Those fears became more acute in July, when the nonpartisan Government Accountability Office published a report forecasting that 21% of wage-earners would owe more than $100 in additional taxes this filing season. That’s an increase of 3 percentage points from the share who would owe more than $100 under the old tax code. Bracing for the possibility that underwithholding would spike, the IRS announced in January that it would waive penalties for taxpayers whose withholdings and other prepayments cover at least 85% of what they owe (the usual threshold is 90%.) Concerns mounted this month when the IRS released statistics showing that the average refund among early filers this season is down $170 from the same period last year.

Senator Kamala Harris, a California Democrat who is seeking her party’s 2020 presidential nomination, seized upon the IRS’ early refund statistics as evidence that “the President’s tax cut” was really “a middle-class tax hike to line the pockets of already wealthy corporations and the one percent.” Commentators criticized Harris for conflating tax liabilities with tax refunds. An individual’s tax liability is the total amount that she owes the IRS in any given year, while a refund is the amount that the taxpayer receives back from the IRS at tax time if their withholdings and other pre-payments exceed her tax liability. “It’s your total tax liability, not your refund,” declared the headline of one Forbes column.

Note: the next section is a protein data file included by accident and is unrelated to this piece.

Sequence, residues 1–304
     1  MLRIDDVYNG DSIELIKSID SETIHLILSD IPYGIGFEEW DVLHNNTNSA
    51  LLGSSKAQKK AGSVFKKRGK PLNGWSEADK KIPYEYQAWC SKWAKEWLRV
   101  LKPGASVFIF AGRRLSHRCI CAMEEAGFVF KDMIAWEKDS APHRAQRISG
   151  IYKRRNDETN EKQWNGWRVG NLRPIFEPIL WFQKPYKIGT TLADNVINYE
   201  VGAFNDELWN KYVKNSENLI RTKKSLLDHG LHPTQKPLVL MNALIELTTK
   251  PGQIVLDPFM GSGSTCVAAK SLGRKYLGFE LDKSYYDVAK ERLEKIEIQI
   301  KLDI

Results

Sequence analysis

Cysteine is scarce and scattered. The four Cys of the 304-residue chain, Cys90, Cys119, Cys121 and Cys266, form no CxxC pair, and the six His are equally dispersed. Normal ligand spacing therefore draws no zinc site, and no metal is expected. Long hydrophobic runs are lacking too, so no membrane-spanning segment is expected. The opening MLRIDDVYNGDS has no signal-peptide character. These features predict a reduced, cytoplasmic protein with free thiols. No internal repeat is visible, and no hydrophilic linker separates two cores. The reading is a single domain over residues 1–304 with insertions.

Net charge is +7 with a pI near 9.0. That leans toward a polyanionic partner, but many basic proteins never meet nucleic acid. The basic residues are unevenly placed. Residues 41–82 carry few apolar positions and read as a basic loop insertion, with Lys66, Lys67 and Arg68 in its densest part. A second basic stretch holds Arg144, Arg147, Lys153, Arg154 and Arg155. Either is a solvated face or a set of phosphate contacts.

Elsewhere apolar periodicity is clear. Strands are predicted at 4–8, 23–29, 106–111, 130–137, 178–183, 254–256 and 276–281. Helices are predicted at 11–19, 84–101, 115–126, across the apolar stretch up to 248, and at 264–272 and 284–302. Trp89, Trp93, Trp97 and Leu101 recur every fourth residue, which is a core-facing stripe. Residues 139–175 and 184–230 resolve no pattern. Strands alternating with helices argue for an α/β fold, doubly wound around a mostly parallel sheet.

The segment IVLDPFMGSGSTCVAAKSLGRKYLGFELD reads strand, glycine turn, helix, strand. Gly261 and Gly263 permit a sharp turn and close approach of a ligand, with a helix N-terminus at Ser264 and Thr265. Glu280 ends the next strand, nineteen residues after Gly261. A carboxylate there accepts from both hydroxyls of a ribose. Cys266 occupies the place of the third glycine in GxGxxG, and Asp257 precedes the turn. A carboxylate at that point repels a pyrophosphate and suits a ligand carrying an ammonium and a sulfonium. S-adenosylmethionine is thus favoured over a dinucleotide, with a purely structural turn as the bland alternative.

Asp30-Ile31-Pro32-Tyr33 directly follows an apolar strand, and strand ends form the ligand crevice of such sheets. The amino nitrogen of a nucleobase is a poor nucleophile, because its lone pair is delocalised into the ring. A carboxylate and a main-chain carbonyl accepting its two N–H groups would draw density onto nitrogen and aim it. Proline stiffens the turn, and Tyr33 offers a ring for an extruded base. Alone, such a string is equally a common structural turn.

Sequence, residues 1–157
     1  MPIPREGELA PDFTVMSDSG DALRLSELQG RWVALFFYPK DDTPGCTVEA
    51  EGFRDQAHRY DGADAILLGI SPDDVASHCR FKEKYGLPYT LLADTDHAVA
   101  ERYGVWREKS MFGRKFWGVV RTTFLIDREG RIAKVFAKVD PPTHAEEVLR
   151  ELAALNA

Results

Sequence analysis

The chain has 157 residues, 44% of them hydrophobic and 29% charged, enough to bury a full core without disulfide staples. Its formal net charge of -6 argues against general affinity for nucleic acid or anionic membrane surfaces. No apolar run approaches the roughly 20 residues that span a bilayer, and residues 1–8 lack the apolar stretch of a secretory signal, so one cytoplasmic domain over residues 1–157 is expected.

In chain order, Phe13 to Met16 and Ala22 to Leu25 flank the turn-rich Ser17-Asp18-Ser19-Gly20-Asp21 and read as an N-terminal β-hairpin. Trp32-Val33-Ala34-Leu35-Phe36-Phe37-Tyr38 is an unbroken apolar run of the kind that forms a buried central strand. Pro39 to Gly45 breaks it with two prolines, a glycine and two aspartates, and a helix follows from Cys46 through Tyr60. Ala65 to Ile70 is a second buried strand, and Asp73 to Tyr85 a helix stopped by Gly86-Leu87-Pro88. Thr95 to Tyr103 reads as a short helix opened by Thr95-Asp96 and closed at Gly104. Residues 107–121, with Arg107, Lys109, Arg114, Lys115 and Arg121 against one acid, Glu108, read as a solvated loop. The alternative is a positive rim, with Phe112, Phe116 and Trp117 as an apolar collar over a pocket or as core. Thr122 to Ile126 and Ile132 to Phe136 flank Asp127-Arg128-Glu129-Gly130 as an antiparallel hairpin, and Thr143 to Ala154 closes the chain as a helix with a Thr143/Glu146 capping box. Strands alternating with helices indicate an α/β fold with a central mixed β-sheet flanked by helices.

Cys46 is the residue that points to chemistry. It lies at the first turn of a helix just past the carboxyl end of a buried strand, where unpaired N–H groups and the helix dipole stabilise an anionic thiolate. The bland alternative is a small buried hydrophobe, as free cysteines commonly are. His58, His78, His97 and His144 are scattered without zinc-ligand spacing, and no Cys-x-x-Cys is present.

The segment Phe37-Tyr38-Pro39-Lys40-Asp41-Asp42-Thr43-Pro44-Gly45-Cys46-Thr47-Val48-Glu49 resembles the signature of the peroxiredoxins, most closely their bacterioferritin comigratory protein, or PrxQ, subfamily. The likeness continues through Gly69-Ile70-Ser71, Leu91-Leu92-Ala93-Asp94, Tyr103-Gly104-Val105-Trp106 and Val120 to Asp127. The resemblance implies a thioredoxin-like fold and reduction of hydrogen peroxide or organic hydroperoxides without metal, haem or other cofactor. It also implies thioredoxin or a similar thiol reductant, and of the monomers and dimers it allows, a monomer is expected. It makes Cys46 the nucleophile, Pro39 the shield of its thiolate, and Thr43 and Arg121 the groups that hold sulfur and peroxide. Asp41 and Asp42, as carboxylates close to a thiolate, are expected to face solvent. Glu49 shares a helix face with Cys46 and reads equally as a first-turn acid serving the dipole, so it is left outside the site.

Why Refunds Matter

Harris’ critics are correct that the IRS’ refund statistics don’t tell us how many households are benefitting from the new tax law. But the senator’s emphasis on the refund numbers is not entirely misplaced. Underwitholding is a real problem for our tax system—and one that the IRS’ new tables may have exacerbated.

For one thing, underwithholding affects tax compliance. A number of studies in the United States and elsewhere have demonstrated that individuals are more likely to shelter income or look for other ways to reduce their tax liability if they owe money at tax time than if they are due a refund. Explanations for this phenomenon build upon the work of Nobel laureate Daniel Kahneman and his late longtime collaborator Amos Tversky, who found that individuals will go to greater lengths to avoid a loss than to obtain an equivalent gain. Consistent with Kahneman and Tversky’s theory, underwithheld taxpayers—who view themselves in a loss position at tax time—seem to be more motivated to evade and avoid than overwithheld taxpayers, who see themselves as being in a position of gain.